Dukinfield St Mark, Cheshire Family History Guide

Dukinfield St Mark is an Ecclesiastical Parish in the county of Cheshire, created in 1846 from chapelry in Stockport St Mary Ancient Parish.

Alternative names: Duckenfield, Dukenfield, Dukinfield with Stalybridge

Parish church:

Parish registers begin:

  • Parish registers: 1846
  • Bishop’s Transcripts: 1846

Nonconformists include: Church of Jesus Christ of Latter-day Saints, Independent/Congregational, Methodist New Connexion, Moravian/United Brethren, Plymouth Brethren, Presbyterian Unitarian, and Primitive Methodist.

Adjacent Parishes

  • Ashton under Lyne St Peter, Lancashire
  • Denton Christ Church, Lancashire
  • Newton in Mottram
  • Ashton under Lyne St Michael, Lancashire
  • Audenshaw, Lancashire
  • Dukinfield St John the Evangelist

Parish History

The Imperial Gazetteer of England & Wales 1870

DUKINFIELD, or Duckenfield, a township, four chapelries, and a sub-district, in Stockport parish, Cheshire. The township lies on the river Tame, the Peak Forest canal, and the Manchester and Sheffield railway, at the boundary with Lancashire, and on the ancient boundary of Mercia and Northumbria, 5¾ miles E of Manchester; has a station on the railway, and a post office‡ under Ashton-under-Lyne; includes part of Staly-bridge, with its r. station and head post office; was known to the Saxons as Doekenveldt; and carries on extensive industry in coal mining, iron-working, fire-brick making, and cotton-spinning. Acres, 1,690. Real property, £109,445; of which £16,532 are in mines, £80 in quarries, and £1,600 in gas-works. Pop. in 1841, 22,394; in 1861, 29,953. Houses, 5,971. A part of the township under the control of the local board of health forms the town of Dukinfield. Pop., 15,024. Houses, 3,086. Dukinfield Hall, the ancient seat of the Dukinfields, was recently restored, and has a small ancient chapel. The chapelries are St. John, St. Mark, St. Matthew, and Castle-Hall; the first a p. curacy, the others vicarages, in the diocese of Chester. Value of St John, £300; of St. Mark, £300; of St. Matthew, £160; of Castle-Hall, £300. Patron of St. John, the Rector of Stockport; of St. Mark and St. Matthew, alternately the Crown and the Bishop., of Castle-Hall, Trustees. St. John’s church was built in 1841; and is a handsome structure, in the early English style, with tower and pinnacles. There are chapels for Independents, Moravians, Unitarians, Wesleyans, Free Methodists, New Connexion Methodists, and Roman Catholics, a spacious cemetery of 1865, two public schools, a temperance hall, and a mechanics’ institute, with library and reading room s. The sub-district is conterminate with the township; and is in the district of Ashton-under-Lyne.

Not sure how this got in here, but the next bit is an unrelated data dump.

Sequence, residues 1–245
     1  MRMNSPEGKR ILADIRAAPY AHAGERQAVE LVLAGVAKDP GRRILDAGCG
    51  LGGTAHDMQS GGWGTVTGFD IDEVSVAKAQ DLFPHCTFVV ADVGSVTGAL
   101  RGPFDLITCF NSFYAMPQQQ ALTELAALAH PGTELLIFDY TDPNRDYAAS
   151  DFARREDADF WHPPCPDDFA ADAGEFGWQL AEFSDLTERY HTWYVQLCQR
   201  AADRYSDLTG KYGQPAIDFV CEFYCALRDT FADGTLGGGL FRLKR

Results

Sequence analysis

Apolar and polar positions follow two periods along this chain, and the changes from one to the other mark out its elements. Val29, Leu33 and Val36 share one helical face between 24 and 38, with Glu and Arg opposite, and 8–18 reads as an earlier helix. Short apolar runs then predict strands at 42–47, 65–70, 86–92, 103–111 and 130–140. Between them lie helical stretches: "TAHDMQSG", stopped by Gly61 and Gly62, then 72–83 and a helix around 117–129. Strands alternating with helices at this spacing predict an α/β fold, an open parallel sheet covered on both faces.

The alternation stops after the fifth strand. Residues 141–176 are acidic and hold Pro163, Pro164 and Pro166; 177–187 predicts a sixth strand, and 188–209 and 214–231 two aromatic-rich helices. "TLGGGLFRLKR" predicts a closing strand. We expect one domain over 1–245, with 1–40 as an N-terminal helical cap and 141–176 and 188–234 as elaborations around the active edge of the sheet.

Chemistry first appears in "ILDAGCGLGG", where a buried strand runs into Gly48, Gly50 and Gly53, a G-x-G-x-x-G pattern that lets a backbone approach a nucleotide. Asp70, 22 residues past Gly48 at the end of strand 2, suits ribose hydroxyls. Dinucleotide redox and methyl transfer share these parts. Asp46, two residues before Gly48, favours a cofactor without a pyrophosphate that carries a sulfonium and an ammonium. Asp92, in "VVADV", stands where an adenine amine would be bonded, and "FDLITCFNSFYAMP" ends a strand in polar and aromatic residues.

Source: The Imperial Gazetteer of England & Wales [Wilson, John M]. A. Fullarton & Co. N. d. c. [1870-72].


Vision of Britain historical maps


  • County: Cheshire
  • Civil Registration District: Ashton under Lyne
  • Probate Court: Pre-1541 - Court of the Bishop of Lichfield (Episcopal Consistory), Post-1540 - Court of the Bishop of Chester (Episcopal Consistory)
  • Diocese: Pre-1541 - Lichfield and Coventry, Post-1540 - Chester
  • Rural Deanery: Macclesfield
  • Poor Law Union: Ashton Under Lyne
  • Hundred: Macclesfield
  • Province: York